Everything you need to know about the online YouTube star entering the jungleFamous for: being a vlogger and superstar YouTuberPhobias? Revealing he is scared of â€œeverythingâ€?, Jack adds: â€œI am going to find out what phobias I have whilst doing this show and what I am most scared of.â€? He says: â€œThere are going to be people going â€˜Who is this kid?â€™ but on YouTube I am very much myself and I will bring that personality to the camp.
Socialite Georgia Toffolo is one of ten celebrities to enter the I’m a Celebrity… Get Me Out of Here! jungle for the 2017 series. The Made in Chelsea star has bravely sacked off her blow dries and champagne magnums for an altogether simpler existence of sleeping bags, jungle showers and the dreaded rice and beans. Toffolo – better known as “Toff” – was one of the standout contestants in the opening episode, voted by viewers to take on the first Bushtucker Trial alongside boxer Amir Khan.
Claire Fraser really will go to any lengths to be reunited with her husband. Outlander’s latest instalment, Heaven & Earth, saw the newly restored couple separated once again after Claire (Caitriona Balfe) boarded British ship The Porpoise to help with the outbreak of typhoid that had blighted their crew, only to be kidnapped when the Captain made a bid for the shore.
Muck Rack makes it simple to find people, tweets, or articles that mention any name, keyword, company, hashtag etc. We've compiled this guide to help you make the most of your search.
Selecting a term
Start searching tweets, articles from media outlets, articles mentioned in tweets, journalists'
names, titles and bios with some suggested searches:
Companies or Topics (e.g. iPhone, Microsoft)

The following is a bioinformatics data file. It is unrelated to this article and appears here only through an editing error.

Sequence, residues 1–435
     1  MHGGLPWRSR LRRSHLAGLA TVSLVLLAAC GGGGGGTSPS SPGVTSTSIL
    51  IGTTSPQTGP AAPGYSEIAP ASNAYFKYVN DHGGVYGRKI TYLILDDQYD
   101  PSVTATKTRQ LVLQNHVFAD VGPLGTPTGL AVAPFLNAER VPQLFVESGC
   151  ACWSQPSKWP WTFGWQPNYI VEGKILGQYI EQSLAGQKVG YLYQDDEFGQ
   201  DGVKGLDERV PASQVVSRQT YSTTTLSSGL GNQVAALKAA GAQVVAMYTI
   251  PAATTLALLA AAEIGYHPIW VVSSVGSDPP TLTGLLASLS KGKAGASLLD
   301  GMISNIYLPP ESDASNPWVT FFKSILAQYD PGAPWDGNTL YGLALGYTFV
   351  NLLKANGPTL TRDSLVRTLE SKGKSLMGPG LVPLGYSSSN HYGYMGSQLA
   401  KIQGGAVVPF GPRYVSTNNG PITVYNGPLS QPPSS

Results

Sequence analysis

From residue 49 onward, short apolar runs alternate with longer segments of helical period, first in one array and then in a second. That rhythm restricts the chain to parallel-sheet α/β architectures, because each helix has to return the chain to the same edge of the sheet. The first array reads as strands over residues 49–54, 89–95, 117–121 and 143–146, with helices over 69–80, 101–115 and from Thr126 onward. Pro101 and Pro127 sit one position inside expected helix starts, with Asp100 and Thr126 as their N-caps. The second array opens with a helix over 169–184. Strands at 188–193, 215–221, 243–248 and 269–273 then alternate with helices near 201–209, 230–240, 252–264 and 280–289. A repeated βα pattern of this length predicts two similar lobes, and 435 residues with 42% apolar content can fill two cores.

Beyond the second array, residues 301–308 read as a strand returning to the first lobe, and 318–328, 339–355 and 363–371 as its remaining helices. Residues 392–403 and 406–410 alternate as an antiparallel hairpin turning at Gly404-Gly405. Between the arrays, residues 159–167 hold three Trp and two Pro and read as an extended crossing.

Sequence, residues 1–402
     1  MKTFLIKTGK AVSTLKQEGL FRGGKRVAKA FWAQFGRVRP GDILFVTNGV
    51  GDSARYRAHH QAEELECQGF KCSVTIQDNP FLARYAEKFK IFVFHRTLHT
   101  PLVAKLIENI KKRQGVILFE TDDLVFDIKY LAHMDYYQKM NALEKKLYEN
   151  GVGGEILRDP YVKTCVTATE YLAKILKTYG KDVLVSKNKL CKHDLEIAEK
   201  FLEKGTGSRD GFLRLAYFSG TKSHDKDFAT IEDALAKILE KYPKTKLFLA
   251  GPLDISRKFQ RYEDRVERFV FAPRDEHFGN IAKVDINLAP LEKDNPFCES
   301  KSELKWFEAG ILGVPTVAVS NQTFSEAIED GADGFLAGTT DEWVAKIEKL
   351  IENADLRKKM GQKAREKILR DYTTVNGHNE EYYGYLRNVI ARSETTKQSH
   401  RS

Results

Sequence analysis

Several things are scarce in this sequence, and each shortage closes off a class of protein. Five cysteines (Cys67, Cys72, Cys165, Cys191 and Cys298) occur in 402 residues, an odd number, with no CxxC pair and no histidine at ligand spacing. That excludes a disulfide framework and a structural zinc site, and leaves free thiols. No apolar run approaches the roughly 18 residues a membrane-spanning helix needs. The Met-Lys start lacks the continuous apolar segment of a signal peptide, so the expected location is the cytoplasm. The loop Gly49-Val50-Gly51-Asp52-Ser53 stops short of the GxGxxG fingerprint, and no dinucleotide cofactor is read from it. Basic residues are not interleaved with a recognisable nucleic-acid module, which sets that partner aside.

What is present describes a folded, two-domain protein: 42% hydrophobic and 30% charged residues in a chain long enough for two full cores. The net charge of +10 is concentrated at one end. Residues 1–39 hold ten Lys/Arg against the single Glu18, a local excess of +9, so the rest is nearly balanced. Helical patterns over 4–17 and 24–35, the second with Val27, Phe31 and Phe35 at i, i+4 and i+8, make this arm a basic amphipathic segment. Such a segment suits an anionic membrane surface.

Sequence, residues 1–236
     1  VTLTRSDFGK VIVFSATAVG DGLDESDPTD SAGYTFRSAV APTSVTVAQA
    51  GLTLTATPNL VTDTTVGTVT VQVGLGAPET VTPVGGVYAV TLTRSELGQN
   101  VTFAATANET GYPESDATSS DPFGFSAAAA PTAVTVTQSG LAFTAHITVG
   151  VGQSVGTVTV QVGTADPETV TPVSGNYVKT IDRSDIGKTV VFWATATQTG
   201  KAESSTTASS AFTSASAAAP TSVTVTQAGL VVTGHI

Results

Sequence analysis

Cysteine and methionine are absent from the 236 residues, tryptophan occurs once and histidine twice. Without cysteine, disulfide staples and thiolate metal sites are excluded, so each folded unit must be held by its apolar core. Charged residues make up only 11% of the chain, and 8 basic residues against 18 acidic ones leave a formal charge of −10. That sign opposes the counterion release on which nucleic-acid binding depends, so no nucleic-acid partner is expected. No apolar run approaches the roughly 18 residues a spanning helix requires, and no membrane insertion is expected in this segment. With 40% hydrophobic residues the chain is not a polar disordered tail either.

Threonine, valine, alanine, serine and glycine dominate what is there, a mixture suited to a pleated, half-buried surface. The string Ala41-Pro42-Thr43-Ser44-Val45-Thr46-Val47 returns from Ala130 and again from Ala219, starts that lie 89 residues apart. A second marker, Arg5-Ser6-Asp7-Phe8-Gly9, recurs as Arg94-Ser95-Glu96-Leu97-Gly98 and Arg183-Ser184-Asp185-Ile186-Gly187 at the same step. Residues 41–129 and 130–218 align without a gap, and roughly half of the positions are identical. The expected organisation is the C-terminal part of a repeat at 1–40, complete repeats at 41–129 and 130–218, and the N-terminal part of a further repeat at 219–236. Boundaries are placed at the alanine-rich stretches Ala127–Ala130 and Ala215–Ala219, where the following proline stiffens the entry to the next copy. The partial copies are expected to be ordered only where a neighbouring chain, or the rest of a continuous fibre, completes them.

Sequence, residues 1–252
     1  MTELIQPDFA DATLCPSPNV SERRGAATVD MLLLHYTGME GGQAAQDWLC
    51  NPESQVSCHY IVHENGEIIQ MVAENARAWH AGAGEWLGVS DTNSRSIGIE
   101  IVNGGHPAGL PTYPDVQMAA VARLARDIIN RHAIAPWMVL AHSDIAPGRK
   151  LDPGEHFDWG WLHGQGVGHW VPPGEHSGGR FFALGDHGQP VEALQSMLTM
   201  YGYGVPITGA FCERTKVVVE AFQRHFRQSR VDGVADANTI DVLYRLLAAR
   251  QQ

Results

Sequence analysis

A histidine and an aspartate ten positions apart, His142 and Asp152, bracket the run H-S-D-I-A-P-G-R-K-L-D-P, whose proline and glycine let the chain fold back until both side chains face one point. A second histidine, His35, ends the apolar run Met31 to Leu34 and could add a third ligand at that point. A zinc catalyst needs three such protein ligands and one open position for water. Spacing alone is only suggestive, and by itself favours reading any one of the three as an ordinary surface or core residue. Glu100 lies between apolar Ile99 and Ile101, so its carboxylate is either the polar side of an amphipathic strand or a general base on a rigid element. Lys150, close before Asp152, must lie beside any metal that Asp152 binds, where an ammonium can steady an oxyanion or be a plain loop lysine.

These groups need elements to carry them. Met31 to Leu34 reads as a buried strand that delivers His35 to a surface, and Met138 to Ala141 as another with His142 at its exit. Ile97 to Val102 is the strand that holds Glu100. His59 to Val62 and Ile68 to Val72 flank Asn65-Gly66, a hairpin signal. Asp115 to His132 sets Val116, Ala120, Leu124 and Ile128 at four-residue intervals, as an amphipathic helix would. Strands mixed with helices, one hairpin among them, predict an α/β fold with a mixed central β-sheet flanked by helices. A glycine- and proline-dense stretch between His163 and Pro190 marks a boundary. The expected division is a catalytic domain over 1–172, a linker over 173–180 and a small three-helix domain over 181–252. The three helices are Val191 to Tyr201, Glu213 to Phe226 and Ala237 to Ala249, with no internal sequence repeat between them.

Phrases (e.g. "cloud computing") — use quotes to keep the terms together
Twitter handles (e.g. @username) — returns those who have mentioned or replied to
Names (e.g. "David Pogue")
Hashtags (e.g. #sxsw, #london2012)
Bio details (e.g. vegan, Olympics, father)
Muck Rack's Advanced Search allows for many boolean operators.
Find results that mention multiple specified terms, use AND or
+. For example, ensure each result contains both Elon Musk and Mark Zuckerberg by
searching Musk AND Zuckerberg or Musk + Zuckerberg.
Use the operators OR or , to broaden your search when you'd like either of
multiple terms to appear in results. (This is the default behavior of our search when no operators
are used). For example, results will contain either cake or cookie by searching cake OR cookie or cake,cookie
Use NOT or - to subtract results from your search. For
example, searching Disney will yield results about the Walt Disney Company as well as Walt Disney
World Resort. To exclude mentions of Disney World, search for Disney -World or Disney
When using one of these operators with a phrase, enclose it in quotation marks. For example, you can
find results about smartphones excluding Apple's iPhone 4S by searching smartphone -"iPhone
Exact case matching or punctuation
If you're searching for a brand name or keyword that relies on specific punctuation marks or capitalization, you can
find results that match your exact query by adding matchcase: before the keyword you're searching for, like matchcase:E*TRADE .
Use parentheses to separate multiple
boolean phrases. For example, to find journalists talking about having fun in Disney World or
Disneyland, search for ("disney world" OR disneyland) AND fun.
An asterisk can be used to search for any variation of a root word truncated by the asterisk. For example, searching for admin* will return results for administrator, administration, administer, administered, etc.
A near operator is an AND operator where you can control the distance between the words. You can vary the distance the near operation uses by adding a forward slash and number (between 0-99) such as strawberries NEAR/10 "whipped cream", which means the strawberries must exist within 10 words of "whipped cream".